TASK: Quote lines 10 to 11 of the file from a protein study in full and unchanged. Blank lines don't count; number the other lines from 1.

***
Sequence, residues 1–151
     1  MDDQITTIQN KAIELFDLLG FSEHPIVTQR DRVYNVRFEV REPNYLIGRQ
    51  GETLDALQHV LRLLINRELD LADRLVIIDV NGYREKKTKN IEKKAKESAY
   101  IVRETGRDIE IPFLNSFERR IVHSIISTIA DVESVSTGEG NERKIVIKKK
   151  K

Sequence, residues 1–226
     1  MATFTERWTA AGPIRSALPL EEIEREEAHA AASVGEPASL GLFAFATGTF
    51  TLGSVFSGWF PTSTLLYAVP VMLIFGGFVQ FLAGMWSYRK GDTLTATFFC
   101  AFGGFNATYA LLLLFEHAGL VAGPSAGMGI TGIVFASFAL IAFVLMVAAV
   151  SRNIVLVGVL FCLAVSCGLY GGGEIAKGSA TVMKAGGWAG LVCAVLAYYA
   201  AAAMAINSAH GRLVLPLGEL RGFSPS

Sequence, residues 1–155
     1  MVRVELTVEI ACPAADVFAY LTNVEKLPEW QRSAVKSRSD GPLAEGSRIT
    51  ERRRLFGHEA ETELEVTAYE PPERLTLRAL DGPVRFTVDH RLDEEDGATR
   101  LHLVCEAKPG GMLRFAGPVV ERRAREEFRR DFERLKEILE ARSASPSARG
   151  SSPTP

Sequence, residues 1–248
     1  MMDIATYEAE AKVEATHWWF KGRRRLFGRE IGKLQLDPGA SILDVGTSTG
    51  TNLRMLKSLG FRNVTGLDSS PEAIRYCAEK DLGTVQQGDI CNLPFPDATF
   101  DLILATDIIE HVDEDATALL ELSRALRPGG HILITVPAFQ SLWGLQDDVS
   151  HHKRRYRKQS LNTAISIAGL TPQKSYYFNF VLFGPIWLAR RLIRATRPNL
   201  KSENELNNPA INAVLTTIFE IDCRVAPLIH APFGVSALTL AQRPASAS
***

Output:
   151  SRNIVLVGVL FCLAVSCGLY GGGEIAKGSA TVMKAGGWAG LVCAVLAYYA
   201  AAAMAINSAH GRLVLPLGEL RGFSPS